Writing Women

Improving | Fiction

What kind of writing effectively captures the textures and quandaries of women’s lives? What techniques will you need to bring these textures into your own writing?

Taught by Katherine Angel, with a guest tutor TBC

PLEASE NOTE: Due to the measures in place to stop the spread of coronavirus, this course will now NOT be taking place in London. Instead, it will be conducted online. Due to this change it will be slightly different to the description below. Get in touch for more information.

Renewed attention is currently being paid to writings which address the particular textures of women’s experience, and the complex situations in which they find themselves in times of intense and overt misogyny. Novelists, memoirists, and essayists alike are evoking women’s lives as they unfold in and are shaped by injustices such as racism and classism. But how does a writer capture and represent what an individual woman’s life feels like – and which women are we talking about exactly?

Looking at techniques from a range of forms, and focusing on linguistic elements rather than strict genre categories, we will ask what makes good writing about women. How do we evoke the complex webs of injustice that shape women’s lives without being clunky, preachy or didactic? How do we persuade readers of a viewpoint, without either speaking to the gallery or alienating an audience? How we do portray, intimately, what an experience feels like, and how do we link it to wider social phenomena? And how do we mine our own individual lives – or those around us – in our writing?

The course will look at extracts by a wide range of writers – including Sophie Mackintosh, Carmen Maria Machado, Kirsten Roupenian, Zeba Talkhani, Maggie Nelson, Andrea Long Chu and Reni Eddo-Lodge – and use extracts from their work to illustrate and concretise contemporary trends in women’s writing.

Whether you are a novelist, a short-story writer, a memoirist, an essayist, or a combination of these, this course will help you create compelling writing through an examination of sensory evocation, narrative action, tone, and structure, across both fiction and non-fiction. Writing exercises will help you build technical confidence and skill, regardless of the genre your writing may sit in, and individual sessions with Katherine Angel will give you tailored feedback on your own writing.
2020-07-27
2020-07-31
Online
online
Fiction
27th - 31st July 2020

Availability: In stock

£395.00
14 Places

The sessions will consist of a class from 10:00 to 13:00, followed by writing exercises and one-to-ones in the afternoons, with writing space available until 16:00.

Day One: Under the Skin

In this session we will explore how an evocation of sensory detail – allowing the reader to be zipped into the narrator’s skin, as Mary Karr has put it – can convey a huge amount about both character and the context in which that character develops. Focusing on physical sensation tells us not just about an individual, but implicitly about the political and social world in which she lives.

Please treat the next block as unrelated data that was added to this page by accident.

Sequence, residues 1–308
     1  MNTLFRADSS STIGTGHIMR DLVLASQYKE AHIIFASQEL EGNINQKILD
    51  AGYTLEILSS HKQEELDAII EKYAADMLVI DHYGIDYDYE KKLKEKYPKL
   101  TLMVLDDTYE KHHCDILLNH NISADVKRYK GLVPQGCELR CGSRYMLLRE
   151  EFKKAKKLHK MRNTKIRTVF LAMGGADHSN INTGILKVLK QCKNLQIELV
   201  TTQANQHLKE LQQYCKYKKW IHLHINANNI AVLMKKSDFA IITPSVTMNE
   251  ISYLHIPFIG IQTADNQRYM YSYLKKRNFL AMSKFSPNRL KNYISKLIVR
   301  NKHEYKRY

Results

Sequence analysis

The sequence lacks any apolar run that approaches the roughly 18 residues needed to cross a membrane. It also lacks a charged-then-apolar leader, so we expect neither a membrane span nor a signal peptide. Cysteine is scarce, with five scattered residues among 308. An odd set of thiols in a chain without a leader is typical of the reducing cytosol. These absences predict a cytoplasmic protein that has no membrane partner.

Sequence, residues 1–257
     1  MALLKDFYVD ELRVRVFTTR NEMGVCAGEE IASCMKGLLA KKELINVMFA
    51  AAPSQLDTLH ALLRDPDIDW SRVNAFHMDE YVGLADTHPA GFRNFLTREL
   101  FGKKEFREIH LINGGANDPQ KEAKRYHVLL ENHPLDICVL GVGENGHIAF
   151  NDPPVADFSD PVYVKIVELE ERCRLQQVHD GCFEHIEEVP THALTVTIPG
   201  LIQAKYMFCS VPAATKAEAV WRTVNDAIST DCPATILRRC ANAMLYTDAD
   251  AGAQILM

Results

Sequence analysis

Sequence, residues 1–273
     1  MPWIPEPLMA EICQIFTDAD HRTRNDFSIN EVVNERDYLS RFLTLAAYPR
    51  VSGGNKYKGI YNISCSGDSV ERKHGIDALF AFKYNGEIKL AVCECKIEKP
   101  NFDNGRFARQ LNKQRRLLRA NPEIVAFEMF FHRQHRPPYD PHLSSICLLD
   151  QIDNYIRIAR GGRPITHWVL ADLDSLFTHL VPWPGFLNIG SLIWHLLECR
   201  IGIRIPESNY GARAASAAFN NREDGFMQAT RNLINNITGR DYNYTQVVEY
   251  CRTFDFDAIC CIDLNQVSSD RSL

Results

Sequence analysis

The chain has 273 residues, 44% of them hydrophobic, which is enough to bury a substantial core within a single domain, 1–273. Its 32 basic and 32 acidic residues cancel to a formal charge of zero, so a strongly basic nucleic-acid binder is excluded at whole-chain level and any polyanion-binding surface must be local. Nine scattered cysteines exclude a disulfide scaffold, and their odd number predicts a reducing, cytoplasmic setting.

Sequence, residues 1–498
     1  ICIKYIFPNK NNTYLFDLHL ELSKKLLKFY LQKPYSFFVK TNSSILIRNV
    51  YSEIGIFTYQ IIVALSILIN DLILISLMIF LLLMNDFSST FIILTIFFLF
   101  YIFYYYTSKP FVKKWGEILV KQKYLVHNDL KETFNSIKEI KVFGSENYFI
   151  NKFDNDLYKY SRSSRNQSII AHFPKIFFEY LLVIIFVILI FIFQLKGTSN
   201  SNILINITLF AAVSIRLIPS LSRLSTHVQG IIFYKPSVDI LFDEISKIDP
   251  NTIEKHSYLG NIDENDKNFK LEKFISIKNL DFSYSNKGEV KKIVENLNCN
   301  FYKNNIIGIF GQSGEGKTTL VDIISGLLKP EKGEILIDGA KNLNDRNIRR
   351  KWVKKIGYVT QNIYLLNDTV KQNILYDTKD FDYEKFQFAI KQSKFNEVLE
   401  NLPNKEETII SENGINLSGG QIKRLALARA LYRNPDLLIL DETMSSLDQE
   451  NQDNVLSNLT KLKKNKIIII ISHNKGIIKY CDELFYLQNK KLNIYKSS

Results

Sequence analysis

Day Two: Narration and Action

What counts as action? What is an event? Is something that doesn’t happen an event, equivalent to something that does happen? Is a feeling an event? In this session we will look at narration and action; at how a writer recounts a story, how she manipulates time and both action and non-action, to build up a complex picture of a woman’s gendered experience of the world.

Day Three: Guest Speaker

Guest Tutor TBC.

Day Four: Tone is Everything

It is not easy to write well from one’s own life—to make a story out of a situation, as Vivian Gornick puts it, and to ‘pull a narrator’ out of one’s ‘agitated and boring self’. How to mine the self without being self-indulgent, or boorish? In this session we will look at how tone is crucial; how the attitude a writer takes to herself is key to an exploration of gender, power, and race.

Day Five: Structure and What to Include

The essay is enjoying a renewed popularity, with publishers publishing many women writers of essay, and the form is being brilliantly put to feminist ends. What is an essay, and how does its exploratory, open-ended form enable exploration? What makes a good essay exciting rather than loose and overly meandering, and full of possibilities rather than closing down of ideas? And how does a writer wield multiple elements without losing or confusing a reader? The balance is difficult to get right, and we’ll figure out what makes it work. A clue: structure is key.

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Tutor

Katherine Angel is the author of Unmastered: A Book On Desire, Most Difficult To Tell (Penguin, 2012), Daddy Issues (Peninsula Press...

"There's no point staring at a blank page waiting for inspiration to strike - to get your creative muscles working you need to start writing, reviewing and sharing your work."

Helen Shipman